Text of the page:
(Nature) – Stem-cell biologist Mahendra Rao, who resigned last week as director of the Center for Regenerative Medicine (CRM) at the US National Institutes of Health (NIH), has a new job. On 9 April, he was appointed vice-president for regenerative medicine at the New York Stem Cell Foundation (NYSCF), a non-profit organization that funds embryonic stem-cell research.
(Boston.com) – Two days after a heart research paper was retracted, questions have been raised about a stem cell study overseen by the same prominent Brigham and Women’s Hospital cardiovascular researcher. In an “expression of concern” posted online Thursday night, editors of the British medical journal The Lancet said Harvard Medical School had notified them of an ongoing investigation examining the “integrity of certain data” used in two sets of images of cells in a 2011 paper overseen by Dr. Piero Anversa at the Brigham.
(Medical Tourism Magazine) – The Dubai Health Authority has its eyes set on attracting 500,000 medical tourism patients a year and plans to build 22 hospitals, boosting the national economy by up to Dh2.6 billion by 2020. Designs aimed at making Dubai a major center for medical tourism in time for when the United Arab Emirates land territory hosts World Expo 2020 include the hiring of thousands of healthcare staff and new visas.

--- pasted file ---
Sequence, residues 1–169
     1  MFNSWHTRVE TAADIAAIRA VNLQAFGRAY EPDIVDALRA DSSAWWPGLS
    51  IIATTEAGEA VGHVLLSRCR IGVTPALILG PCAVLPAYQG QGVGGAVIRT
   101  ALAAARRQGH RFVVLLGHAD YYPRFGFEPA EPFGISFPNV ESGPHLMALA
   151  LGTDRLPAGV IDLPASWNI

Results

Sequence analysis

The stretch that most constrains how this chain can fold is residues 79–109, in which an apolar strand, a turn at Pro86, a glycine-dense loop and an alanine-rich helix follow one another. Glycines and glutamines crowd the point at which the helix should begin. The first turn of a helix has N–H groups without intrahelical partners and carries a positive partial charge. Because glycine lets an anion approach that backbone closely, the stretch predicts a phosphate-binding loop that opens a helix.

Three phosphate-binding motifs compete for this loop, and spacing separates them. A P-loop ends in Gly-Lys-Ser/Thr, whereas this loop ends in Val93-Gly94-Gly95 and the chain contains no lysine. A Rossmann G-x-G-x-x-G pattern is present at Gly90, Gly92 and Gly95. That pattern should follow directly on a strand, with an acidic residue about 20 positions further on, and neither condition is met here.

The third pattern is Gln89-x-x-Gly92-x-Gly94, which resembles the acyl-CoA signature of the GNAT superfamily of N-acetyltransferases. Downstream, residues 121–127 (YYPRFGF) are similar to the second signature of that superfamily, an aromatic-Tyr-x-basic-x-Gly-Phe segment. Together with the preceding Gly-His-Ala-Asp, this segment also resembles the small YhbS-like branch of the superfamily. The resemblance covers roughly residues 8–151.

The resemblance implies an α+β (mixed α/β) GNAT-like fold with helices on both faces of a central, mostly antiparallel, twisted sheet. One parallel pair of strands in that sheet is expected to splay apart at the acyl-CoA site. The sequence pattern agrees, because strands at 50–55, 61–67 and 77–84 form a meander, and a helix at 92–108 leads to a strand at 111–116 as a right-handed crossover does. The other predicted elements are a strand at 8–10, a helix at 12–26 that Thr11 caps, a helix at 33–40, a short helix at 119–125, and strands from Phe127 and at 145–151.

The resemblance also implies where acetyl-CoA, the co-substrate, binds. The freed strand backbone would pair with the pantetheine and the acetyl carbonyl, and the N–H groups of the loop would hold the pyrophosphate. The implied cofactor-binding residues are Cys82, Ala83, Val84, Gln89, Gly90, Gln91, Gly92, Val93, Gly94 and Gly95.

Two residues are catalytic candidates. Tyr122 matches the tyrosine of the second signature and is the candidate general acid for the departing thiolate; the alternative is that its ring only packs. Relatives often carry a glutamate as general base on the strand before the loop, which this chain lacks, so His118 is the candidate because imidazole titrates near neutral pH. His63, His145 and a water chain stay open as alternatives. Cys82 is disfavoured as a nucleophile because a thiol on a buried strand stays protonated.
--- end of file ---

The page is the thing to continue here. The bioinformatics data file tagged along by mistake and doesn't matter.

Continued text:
(Phys.org) – Arizona State University researchers will lead a multi-university project to aid industry in understanding and predicting the potential health and environmental risks from nanomaterials. Nanoparticles, which are approximately 1 to 100 nanometers in size, are used in an increasing number of consumer products to provide texture, resiliency and in some cases antibacterial protection.
MedStar Washington Hospital Center for Ethics
3rd Annual Regional Clinical Ethics Symposium
April 21, 2014
See here for more information.
Health Policy and Planning (Volume 29, No. 2, March 2014) is now available online by subscription only.
- “Impact of user fees on maternal health service utilization and related health outcomes: a systematic review” by Susie Dzakpasu, Timothy Powell-Jackson, and Oona M.R. Campbell
- “Estimates of performance in the rate of decline of under-five mortality for 113 low- and middle-income countries, 1970–2010” by Stéphane Verguet and Dean T. Jamison
- “Financial protection in health in Turkey: the effects of the Health Transformation Programme” by Mahmut S Yardim, Nesrin Cilingiroglu, and Nazan Yardim
- “Health reform and out-of-pocket payments: lessons from China” by Lufa Zhang and Nan Liu
- “Through the back door: nurse migration to the UK from Malawi and Nepal, a policy critique” by Radha Adhikari and Astrida Grigulis